Concordia University Ann Arbor’s School of Nursing and justice and public policy program joined together for an inter-professional education (IPE) simulation on Monday, March 27 as they prepare for careers in nursing and public service.
The scenario was spring prom season. The patient, a high-acuity mannequin named Katie, was in a car with three of her friends leaving a post-prom party at 3:30 a.m. when the vehicle rolled over, the driver under the influence of alcohol
Complete with a prom dress laid over the side of the hospital chair, Katie’s mom sobbing in the corner, and unexpected hospital room guests that evolved into a series of altercations, the scene was a completely interactive replication of the real world.
“We don’t have to say ‘pretend like this is happening’ or ‘make believe this is going on,’” said Anita Simmons, director of simulation in the CUAA School of Nursing. “We actually make it happen by creating a detailed scenario, bringing it to life with an interactive mannequin along with actors and actresses, and immersing our students in a situation to see how they will respond based off of what they have learned in class.”
The simulation took place in the CUAA North Building simulation center, part of the School of Nursing’s recently renovated, state-of-the-art facility. In this particular simulation, the nursing students were assessing the patient, Katie, after her car accident, when her mother entered the room in a very emotional state. The patient’s mother learned that her ex-husband allowed Katie to attend the party, leading to an altercation when he entered the room to check on his daughter.
This is where the justice and public policy students intervened. Students stood watch over an inmate patient as he awaited treatment in the hallway.
“Little did the justice and public policy students know, they were being tested on both their attunement to the hostile situation in the hospital room and their decision to maintain surveillance of the inmate they were to be guarding, despite all of the distractions around them,” said Simmons.
This particular scene ran for about 20 minutes, also including a visit from the father of the boy who was driving the vehicle, leading to another altercation with Katie’s parents, and a hysterical visit from a few of Katie’s friends who thought she would be dead. They ran through the simulation three different times, changing up the scene so that students can see how a different variable might lead to a new outcome.
Concordia nursing students are in simulation labs for at least 90 minutes every week for the entire six semesters of their nursing curriculum. Simulations are based on the di-dactic material covered in the classroom that week, including both nursing-focused simulations and IPE simulations that integrate students from other majors and professional fields on campus.
This simulation was the fourth IPE simulation that the School of Nursing has done since its launch at the beginning of the fall 2016 semester.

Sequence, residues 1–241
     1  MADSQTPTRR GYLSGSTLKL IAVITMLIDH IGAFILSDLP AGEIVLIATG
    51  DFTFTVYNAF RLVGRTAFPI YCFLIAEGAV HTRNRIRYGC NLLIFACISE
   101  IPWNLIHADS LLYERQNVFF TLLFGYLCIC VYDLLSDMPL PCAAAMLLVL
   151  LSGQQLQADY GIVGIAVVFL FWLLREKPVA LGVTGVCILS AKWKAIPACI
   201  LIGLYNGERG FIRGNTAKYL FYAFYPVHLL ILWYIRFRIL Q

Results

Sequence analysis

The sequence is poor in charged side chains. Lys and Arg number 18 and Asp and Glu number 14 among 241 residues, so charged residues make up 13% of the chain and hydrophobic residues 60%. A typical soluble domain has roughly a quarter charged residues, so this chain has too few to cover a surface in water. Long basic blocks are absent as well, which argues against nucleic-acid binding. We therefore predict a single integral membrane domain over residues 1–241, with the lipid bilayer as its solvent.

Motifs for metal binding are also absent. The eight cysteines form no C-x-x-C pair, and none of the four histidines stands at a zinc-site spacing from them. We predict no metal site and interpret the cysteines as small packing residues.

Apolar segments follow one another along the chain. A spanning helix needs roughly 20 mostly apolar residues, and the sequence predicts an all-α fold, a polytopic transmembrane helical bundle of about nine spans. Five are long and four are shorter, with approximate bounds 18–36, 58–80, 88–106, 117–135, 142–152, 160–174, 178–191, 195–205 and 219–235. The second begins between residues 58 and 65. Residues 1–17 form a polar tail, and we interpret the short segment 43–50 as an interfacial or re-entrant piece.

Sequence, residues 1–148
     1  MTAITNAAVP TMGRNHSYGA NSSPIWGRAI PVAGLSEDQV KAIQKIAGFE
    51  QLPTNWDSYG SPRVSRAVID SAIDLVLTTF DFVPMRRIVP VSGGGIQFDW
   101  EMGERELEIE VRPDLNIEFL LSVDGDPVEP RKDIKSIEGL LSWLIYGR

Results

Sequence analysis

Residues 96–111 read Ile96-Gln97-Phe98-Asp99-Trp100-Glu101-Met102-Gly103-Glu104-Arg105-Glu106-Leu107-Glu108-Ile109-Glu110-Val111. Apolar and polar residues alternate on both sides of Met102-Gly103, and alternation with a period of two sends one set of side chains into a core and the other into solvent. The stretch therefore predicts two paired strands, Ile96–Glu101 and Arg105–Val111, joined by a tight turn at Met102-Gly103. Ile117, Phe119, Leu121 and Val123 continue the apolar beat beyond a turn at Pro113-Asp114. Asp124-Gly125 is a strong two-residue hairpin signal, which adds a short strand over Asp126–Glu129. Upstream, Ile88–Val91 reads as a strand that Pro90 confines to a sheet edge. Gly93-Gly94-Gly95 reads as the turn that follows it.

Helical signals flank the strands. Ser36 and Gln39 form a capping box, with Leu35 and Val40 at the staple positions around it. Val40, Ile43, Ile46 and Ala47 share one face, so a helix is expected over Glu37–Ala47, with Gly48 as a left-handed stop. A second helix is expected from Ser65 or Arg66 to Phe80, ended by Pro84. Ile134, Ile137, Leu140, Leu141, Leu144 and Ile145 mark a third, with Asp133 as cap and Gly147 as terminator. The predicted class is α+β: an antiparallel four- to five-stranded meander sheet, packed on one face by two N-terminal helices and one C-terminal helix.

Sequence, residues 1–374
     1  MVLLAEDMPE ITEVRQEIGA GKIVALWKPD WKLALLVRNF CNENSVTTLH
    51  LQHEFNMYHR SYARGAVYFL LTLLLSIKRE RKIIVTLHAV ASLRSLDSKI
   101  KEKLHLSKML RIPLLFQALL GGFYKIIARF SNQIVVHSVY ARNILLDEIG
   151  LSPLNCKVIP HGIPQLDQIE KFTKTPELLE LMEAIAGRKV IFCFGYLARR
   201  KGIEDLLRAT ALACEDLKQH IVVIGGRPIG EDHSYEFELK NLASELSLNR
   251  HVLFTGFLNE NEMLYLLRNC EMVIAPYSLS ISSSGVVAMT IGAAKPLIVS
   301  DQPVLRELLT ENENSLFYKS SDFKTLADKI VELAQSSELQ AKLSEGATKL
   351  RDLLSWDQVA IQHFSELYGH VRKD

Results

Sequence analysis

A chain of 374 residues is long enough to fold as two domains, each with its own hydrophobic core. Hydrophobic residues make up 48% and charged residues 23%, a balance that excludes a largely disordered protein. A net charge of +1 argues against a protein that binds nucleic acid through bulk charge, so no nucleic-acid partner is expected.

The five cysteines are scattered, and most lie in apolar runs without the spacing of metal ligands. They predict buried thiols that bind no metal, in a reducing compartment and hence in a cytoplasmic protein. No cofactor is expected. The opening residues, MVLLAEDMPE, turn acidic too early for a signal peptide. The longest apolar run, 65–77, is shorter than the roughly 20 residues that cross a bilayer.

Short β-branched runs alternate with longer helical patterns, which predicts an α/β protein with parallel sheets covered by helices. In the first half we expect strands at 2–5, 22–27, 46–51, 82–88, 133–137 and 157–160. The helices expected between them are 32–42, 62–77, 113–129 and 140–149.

“Through IPE, our nursing students learn to collaborate with other professionals and discover what it means to have the right assessment data for whomever they’re turning the situation over to,” said Betsy Cambridge, simulation instructor. “Medical care is not just a nurse or doctor, it’s a team of people working together.”
In addition to the five, high-acuity simulation rooms, the School of Nursing features a simulation apartment, assessment lab with eight exam rooms, a 10-bed skills lab, and pod-style learning stations to facilitate student collaboration.
In a previous IPE simulation with the justice and public policy program, a patient with a traumatic brain injury became volatile in one of the simulation hospital rooms. Nursing students had to assess what potential, unconventional weapons could be used in the room and ensure a cooperative environment to do their assessment. In another IPE simulation, the homecare nurse had a police escort along for the home visit to the simulation apartment, investigating possible evidence of domestic violence abuse while the nurse cared for the patient.
The School of Nursing at Concordia is in the process of planning IPE simulations with other programs on campus in addition to the justice and public policy program, including athletic training, education, psychology, social work, and family life education.
“A big learning piece with simulation is the debriefing that takes place afterwards,” said Simmons. “We typically videotape simulations so we can discuss with the students what occurred, why they made certain decisions, and how they can improve.”
The simulation took place in the simulation center within the CUAA School of Nursing. Complete with actors and actresses playing the roles of the patient’s family members and friends, nursing and justice and public policy students had to manage the situation as they would in their professional careers.
— Rachel (Ferry) Thoms is manager of campus communications for Concordia University Ann Arbor. She may be reached at firstname.lastname@example.org or 734-476-7736.
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